What activities should I plan to get my students as close as possible to what they should know and be able to do by the end of the lesson?
That brings us to planning our activities. Since Tracey Tokuhama-Espinosa discusses 21 principles, 12 tenets, and 10 instructional guidelines, I highly recommend you read her book to be more familiar with them. Here I chose to focus on her best classroom practice number 16 – Employ Zemelman and Colleagues’ Best Practice Filters When Selecting Activities. She mentions that the principles, tenets, and instructional guidelines of MBE are associated with Zelmeman and colleagues’ work and that:
Zemelman, Daniels, and Hyde (2012) considered successful classroom activities and then sorted them by similar characteristics. They found 13 characteristics common to activities that have the most impact in classrooms. […] learning is dependent on memory and attention, and activities that meet Zelmeman and colleagues’ best practice criteria are more likely to produce effective learning experiences because they are memorable or grab the attention of the learner.Tokuhama-Espinosa (2014, p. 168)
Let’s look at the 13 characteristics:
You probably noticed that the three characteristics that set the tone are STUDENT-CENTEREDNESS, COGNITIVE, and SOCIAL. Let’s look at what each of them prioritizes
- Student-centeredness: Activities centered on students, differentiation and personalization
- Active: Students do more than simply “receive”, hands-on activities
- Holistic: Interdisciplinary activities that bridge learning across domains
- Authentic: real-life experiences, context-bound
- Expressive: Focus on more productive rather than receptive skills
- Reflective: Activities that provide time for thinking and breaks, journals, quick essays
- Social: Interaction with others
- Collaborative: Teamwork
- Democratic: Voice and Choice, co-authorship of learning
- Cognitive: Raise cognitive effort, increase deep learning
- Developmental: According to learners’ cognitive, emotional, and physical abilities
- Constructivist: Built upon students’ prior knowledge
- Challenging: Not too hard or too easy, Goldilocks principle
See? Even though there are some basic principles, they hardly make a fixed recipe. They may mean different things in different contexts. And we can’t control all the variables, remember? It’s not like grating the pecorino, dicing the guanciale or even passing the ball to another player. But we can say that if you are lecturing most of the time and your students are only listening, you basically neglected characteristics 1, 2, 4, 5, 6, 7, 8, 9, and 10 (we could maybe add more). If your lesson doesn’t connect with students’ own lives, other subjects, and what they already know, then you’re neglecting characteristics 3, 4, 11, and 12 for sure.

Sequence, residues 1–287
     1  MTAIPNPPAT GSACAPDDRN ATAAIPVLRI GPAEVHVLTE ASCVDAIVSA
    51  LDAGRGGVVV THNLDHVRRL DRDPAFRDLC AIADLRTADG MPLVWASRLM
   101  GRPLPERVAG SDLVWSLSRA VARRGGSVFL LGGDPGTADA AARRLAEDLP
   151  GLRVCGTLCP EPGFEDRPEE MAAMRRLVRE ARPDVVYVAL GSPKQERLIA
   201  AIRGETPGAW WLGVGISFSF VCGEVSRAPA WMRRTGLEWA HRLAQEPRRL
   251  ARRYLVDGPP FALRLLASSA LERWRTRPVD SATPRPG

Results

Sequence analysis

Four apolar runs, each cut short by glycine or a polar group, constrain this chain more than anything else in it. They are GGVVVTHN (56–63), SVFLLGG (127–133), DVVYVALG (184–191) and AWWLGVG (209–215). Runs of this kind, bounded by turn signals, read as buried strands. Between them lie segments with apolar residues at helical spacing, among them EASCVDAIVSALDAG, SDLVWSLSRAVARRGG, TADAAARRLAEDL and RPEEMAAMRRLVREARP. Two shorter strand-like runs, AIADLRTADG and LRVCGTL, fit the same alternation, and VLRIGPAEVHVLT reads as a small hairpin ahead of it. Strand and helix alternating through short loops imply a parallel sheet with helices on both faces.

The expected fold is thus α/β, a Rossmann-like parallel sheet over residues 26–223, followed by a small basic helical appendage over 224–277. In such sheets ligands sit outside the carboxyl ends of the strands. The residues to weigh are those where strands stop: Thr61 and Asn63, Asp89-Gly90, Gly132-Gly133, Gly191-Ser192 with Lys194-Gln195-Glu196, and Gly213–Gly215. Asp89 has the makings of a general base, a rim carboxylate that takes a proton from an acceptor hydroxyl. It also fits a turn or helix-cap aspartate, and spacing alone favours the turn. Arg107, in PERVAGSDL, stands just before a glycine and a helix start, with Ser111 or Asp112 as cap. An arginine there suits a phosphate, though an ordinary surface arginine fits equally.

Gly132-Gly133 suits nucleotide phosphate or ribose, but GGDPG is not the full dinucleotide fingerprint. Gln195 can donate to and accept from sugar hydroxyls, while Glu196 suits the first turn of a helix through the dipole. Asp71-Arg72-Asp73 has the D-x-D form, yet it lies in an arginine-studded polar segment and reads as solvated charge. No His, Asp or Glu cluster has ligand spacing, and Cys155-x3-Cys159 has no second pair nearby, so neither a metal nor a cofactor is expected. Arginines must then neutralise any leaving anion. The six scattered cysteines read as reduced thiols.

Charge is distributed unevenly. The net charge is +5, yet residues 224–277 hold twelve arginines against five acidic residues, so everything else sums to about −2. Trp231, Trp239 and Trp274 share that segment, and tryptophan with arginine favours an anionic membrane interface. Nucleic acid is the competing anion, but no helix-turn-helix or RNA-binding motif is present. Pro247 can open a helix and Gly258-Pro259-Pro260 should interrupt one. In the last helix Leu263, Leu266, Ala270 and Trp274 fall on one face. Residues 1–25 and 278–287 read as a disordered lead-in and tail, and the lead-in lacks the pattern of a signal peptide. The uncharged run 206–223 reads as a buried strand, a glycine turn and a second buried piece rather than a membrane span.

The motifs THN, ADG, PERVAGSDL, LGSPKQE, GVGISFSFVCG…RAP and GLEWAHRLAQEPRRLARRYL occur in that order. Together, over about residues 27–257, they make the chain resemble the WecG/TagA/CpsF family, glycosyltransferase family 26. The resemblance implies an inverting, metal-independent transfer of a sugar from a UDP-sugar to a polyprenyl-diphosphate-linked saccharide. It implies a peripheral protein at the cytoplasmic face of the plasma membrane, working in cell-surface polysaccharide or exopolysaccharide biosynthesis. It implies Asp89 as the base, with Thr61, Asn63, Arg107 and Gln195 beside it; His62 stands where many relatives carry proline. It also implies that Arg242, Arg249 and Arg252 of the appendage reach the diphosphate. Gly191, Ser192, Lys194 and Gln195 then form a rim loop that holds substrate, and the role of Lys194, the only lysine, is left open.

What does an effective lesson look like?
Let’s say I’m teaching someone to make carbonara. I may start my lesson by grabbing their attention through an engaging activity. It could be a photo or a video of the dish. Then my students would have to guess the name of the dish so I can check their prior knowledge. They could do it in pairs to interact a little bit. Based on the photo or video, I could have flashcards with many different ingredients and they might need to pick the ingredients they think are necessary to prepare that dish. I can then talk about the ingredients and regions in Italy where this dish became popular. I could ask my students if they’d rather read the recipe or watch a video of someone preparing the dish. Then we’d reflect together on how challenging the preparation of the dish was. A sensitive stage of this dish involves not making scrambled eggs when you prepare the sauce. I might raise their attention and ask them what strategies they might use to avoid that. Then we might start preparing the dish together. I’d be modeling in front of them, going slow, step by step, trying to boost their motivation. I’d remind them that they could make this dish for their parents, friends, or boyfriend/girlfriend.
That’s one way to do it. I can think of different ways but I suppose you get the gist. I’d taste their carbonara to let them know if they did a good job, ask them to assess their performance, and then ask them to get feedback from their friends and even families later on if they decided to cook for them.
If you’re teaching English or math, you can rely on the same principles. Raise their interest, activate prior knowledge, promote social interaction, make bridges with other subjects, give them voice and choice, let them get their hands dirty, encourage them, make the experience relevant and real-life oriented, give feedback, allow self-reflection, and have fun. Chances are that you’ll help them have a memorable learning experience.
Tokuhama-Espinosa, T. (2014). Making classrooms better: 50 practical applications of mind, brain, and education science. WW Norton & Company.
Wiggins, G. P., & McTighe, J. (2005). Understanding by Design. ASCD.
Zemelman, S., Daniels, H., & Hyde, A. A. (2012). Best practice: Bringing standards to life in America’s classrooms. Portsmouth, NH: Heinemann.